Legacy: Alzheimer’s Stories
My Grandmothers (Gram and Granny) were both diagnosed with Alzheimer's disease in 1999 within months of one another. They lost the ultimate battle in 2004, again within months of one another. As a result, I have become obsessed with absorbing my Grandmothers’ and consequently my own past. As they struggled to retain their identity and their memories, I am now determined to gather them and add them to my own. The result is this imagery.
I have collected items and locations belonging to and inspired by my Grandmothers as well as my own physical and mental inheritance. Using these everyday things along with my memories and those given to me by members of my family as well as a vast collection of family photographs, I have built narratives within the frame. Through the years and through the course of creating, some of the narratives stray, and thusly this has become a reflection of myself to a much greater extent than I could have imagined.
Throughout history, women have put their bodies, and thusly, their psyches through torturous measures trying to live up to the elusive thing that is beauty. We have constricted our breathing and injected ourselves with poison. We have teetered precariously, balancing on miniscule pedestals and we have crafted our flesh into acceptable contours. But we have not been forced into doing so. We have consensually subjected ourselves to these ridiculous and dangerous tribulations.Through a combination of technical processes, I am able to merge representations of the accepted and established notions of what is beautiful with those of my manufactured grotesque. In this manner, I hope to give way to a different definition of beauty, one of engaging oddity and lush ambiguity.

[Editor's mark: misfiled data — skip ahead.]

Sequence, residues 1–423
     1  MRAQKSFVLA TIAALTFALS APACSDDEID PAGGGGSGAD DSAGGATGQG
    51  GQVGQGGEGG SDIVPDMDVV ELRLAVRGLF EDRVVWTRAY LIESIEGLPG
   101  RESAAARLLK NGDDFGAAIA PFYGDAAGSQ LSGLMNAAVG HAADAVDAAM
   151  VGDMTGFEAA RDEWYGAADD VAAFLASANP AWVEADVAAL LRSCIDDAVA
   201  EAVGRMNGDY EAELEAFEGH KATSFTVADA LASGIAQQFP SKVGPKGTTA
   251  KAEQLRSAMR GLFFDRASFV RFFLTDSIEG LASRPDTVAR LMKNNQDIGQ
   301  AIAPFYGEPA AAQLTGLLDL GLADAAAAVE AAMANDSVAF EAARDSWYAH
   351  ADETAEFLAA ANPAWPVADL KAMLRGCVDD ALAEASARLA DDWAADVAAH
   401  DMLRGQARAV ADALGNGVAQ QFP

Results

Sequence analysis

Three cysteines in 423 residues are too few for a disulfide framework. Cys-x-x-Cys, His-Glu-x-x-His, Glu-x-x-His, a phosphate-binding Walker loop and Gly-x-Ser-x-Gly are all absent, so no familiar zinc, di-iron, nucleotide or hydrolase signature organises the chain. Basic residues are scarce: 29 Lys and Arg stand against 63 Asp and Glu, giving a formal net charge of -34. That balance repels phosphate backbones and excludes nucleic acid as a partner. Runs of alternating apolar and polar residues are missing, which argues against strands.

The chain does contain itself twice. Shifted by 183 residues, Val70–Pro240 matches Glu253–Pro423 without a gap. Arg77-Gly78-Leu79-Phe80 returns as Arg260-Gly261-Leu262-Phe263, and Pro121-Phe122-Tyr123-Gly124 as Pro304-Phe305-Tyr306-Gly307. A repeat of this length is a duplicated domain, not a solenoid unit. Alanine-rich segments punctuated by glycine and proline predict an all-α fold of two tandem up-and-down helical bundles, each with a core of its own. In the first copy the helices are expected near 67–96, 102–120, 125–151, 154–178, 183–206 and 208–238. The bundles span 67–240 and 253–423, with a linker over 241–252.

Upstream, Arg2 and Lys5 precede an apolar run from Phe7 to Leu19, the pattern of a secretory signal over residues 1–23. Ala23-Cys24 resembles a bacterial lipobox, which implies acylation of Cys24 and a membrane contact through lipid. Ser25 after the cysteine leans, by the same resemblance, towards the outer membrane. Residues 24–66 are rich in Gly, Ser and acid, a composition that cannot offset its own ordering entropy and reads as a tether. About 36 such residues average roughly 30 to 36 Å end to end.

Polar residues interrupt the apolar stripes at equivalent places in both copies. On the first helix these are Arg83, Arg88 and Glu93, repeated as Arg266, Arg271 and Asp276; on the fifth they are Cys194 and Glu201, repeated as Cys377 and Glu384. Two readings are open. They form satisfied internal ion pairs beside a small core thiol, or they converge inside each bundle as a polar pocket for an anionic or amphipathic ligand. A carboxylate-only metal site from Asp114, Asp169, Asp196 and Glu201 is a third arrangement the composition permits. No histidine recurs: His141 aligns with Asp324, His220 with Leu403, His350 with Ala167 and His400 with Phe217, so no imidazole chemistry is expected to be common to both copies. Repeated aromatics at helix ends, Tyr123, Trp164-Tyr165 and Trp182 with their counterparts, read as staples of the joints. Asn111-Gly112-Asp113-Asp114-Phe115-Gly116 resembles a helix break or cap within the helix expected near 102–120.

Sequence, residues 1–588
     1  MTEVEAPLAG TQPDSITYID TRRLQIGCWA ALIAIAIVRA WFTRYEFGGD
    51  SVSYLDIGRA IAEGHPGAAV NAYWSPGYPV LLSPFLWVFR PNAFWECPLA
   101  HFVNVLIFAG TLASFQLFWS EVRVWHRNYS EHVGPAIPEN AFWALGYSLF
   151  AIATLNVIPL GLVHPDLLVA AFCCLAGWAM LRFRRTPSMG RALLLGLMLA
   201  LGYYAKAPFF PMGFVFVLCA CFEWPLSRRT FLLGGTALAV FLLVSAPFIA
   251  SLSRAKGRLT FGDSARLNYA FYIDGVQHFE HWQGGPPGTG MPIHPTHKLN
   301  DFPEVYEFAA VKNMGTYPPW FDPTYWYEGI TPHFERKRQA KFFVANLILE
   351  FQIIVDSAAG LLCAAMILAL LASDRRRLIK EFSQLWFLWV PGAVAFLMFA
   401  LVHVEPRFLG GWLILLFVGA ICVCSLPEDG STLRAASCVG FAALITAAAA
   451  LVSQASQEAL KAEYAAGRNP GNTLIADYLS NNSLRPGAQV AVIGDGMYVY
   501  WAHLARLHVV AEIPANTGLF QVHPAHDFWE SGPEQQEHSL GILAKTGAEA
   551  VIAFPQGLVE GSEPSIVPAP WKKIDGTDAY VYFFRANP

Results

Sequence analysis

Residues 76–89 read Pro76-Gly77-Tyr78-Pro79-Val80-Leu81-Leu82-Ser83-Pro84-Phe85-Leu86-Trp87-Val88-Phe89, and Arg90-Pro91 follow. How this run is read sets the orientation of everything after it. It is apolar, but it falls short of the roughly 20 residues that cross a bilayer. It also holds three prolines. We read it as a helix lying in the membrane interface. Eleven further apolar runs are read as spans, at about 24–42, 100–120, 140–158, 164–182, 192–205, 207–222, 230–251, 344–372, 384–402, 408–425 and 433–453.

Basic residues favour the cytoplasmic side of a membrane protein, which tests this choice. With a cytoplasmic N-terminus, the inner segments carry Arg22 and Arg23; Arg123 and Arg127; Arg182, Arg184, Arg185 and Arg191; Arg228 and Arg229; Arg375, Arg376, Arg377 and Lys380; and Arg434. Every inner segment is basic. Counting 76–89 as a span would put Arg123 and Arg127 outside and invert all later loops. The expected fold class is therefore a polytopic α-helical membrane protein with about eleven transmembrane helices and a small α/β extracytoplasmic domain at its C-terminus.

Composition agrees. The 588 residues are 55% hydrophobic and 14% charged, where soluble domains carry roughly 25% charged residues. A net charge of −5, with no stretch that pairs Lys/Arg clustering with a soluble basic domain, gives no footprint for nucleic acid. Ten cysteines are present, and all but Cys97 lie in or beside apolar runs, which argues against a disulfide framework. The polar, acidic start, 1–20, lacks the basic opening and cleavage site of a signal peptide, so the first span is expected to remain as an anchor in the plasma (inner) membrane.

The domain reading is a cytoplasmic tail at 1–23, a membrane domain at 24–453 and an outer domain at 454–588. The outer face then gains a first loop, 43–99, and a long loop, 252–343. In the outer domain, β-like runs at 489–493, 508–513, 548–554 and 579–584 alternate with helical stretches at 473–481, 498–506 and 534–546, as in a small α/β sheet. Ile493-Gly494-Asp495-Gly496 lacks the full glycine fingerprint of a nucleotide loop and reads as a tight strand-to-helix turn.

Travels in Plastic: double exposure made at Meijer Gardens in Grand Rapids, MI
Wild plants choose the space in which they reside; they have memory and they learn. Indigenous botanist Robin Wall Kitterer quantifies plants as animated, living beings and as living beings they breathe, dance and preen. This work was made during an artist residency at Taleamor Park in LaPorte, Indiana and explores how the plant’s sense place directly enhances the human interaction with space and place.
Archival Images from Lumen Prints
Lumen Prints are solar photograms – a cameraless photographic process involving black and white photographic paper, in this case an organic material, and the Sun. The sun reacts with the organic material and sunlight to produce color in the black and white paper.
Through the Glass Nightly I
Lumen image with black point adjustment. Sun exposed leaves, turmeric, beetroot, salt on photo paper.